Star passed away surrounded by people who loved and cared for her. We leaned on each other as we grieved and said goodbye. Sometimes it may seem like making a decision to euthanize an animal must be the hardest thing we do, but for me, I honestly feel it is most kind and caring act we get to do for our animals. We get to end pain and suffering. While the decision itself is incredibly difficult to make, I find peace knowing that we have all worked so hard to give them a peaceful life. I’m honored when we can also give them a peaceful death.

I know that many of you knew Star. She had been with us for so many years. I know that every death is difficult and breaks our hearts just a bit more. I am only comforted in knowing that my grief is shared with so many amazing people. My grief will be lessened by the many memories I have of Star, both from her rescue and then from her life with us. Thank you for being a part of Star’s life and the Carolina Tiger Rescue Family. 

Kathryn Bertok
Assistant Director

About Carolina Tiger Rescue

Carolina Tiger Rescue is a 501(c)3 nonprofit wildlife sanctuary whose mission is saving and protecting wild cats in captivity and in the wild.

Carolina Tiger Rescue

1940 Hanks Chapel Rd. Pittsboro, NC 27312 (919) 542-4684 (919) 542-4454

Wildlife should be in the Wild



  • We believe the ideal home for wildlife is in the wild.
  • We believe it is critical to conserve their native habitats.
  • We believe wild animals should not be kept as pets.
  • We believe captive breeding should ONLY be done in accordance with Species Survival plans.
  • We believe all wild animals, both captive and in their native habitats, deserve to be treated with respect and not exploited for entertainment and commercial purposes.

Visit Carolina Tiger Rescue

Tiger at Carolina Tiger Rescue

Public Tours

Twilight Tours

Coming out for a tour is a great way to learn more about the animals that call Carolina Tiger Recue home. We offer many different types of tours.  Public tours are great for adults and families. Twilight tours are for adults only (18 years of age and older). Tiger Tales are a perfect option if you want to bring out really young children. Find the tour that is right for you and enjoy a walk through the sanctuary.

For all tours, tickets must be purchased in advance.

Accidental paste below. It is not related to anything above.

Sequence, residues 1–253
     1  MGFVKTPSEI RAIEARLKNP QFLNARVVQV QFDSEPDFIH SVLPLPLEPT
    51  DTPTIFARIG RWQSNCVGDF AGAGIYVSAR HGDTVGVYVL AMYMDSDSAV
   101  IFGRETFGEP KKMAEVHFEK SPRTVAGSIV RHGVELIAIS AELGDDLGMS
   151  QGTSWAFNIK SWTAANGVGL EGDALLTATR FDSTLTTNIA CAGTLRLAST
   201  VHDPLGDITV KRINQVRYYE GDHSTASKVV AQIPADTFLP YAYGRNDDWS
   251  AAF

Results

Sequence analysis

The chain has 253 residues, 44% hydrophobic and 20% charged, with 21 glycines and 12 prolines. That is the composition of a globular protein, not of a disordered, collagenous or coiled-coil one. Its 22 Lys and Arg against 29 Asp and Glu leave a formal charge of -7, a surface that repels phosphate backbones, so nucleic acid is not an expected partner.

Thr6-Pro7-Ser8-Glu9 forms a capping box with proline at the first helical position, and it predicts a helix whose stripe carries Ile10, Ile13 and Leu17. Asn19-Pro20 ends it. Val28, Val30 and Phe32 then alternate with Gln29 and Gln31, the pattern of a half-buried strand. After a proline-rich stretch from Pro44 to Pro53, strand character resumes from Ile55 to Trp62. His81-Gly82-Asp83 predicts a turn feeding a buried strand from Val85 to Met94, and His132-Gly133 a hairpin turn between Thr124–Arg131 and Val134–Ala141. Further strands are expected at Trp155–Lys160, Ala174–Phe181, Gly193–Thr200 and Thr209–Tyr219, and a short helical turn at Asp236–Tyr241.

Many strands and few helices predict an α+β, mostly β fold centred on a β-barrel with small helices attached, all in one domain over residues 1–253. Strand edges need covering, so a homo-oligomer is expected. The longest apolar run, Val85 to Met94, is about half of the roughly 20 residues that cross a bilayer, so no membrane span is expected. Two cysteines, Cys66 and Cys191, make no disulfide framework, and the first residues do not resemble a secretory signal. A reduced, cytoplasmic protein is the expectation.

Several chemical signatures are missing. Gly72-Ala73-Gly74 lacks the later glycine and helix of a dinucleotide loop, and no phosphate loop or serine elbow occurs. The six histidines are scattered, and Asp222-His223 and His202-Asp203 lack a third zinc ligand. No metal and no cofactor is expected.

Have Fun Learning at Carolina Tiger Rescue

Field Trips

Field Trips

Virtual Field Trips link

Virtual Field Trips

Education is key to our mission.  We enjoy teaching "kids" of all ages!  Our field trips, both virtual and onsite, are ideal for groups of kids.  Our "Kid for a Day" Adult Camp provides a unique learning opportunity while allowing adults to channel their inner child.  While all of these opportunities are structured differently, in the end we want everyone to walk away knowing more about the animals we care for and what they can do to help protect them.

Bobcat at Carolina Tiger Rescue
Learn about
Caracal at Carolina Tiger Rescue
Learn about
Coatimundi at Carolina Tiger Rescue
Learn about
Cougar at Carolina Tiger Rescue
Learn about
Kinkajou at Carolina Tiger Rescue
Learn about
Lion at Carolina Tiger Rescue
Learn about
NGSD at Carolina Tiger Rescue
Learn about
Porcupine at Carolina Tiger Rescue
Learn about
Raccoon at Carolina Tiger Rescue
Learn about
Red Wolf at Carolina Tiger Rescue
Learn about
Red Wolves
Serval at Carolina Tiger Rescue
Learn about
Tiger at Carolina Tiger Rescue
Learn about
Keeper Stripes

Get involved at Carolina Tiger Rescue

Individual volunteering at Carolina Tiger Rescue

Individual Volunteering

Group volunteering at Carolina Tiger Rescue

Group Volunteering

There are so many ways to be a part of Carolina  Tiger Rescue.  Individual volunteers are able to help in many aspects of our work, including animal care, tour guides, construction, and gift shop assistance.  Work groups come from community groups, colleges, work places, and more!  It’s a great way to spend a day and it helps care for the cats.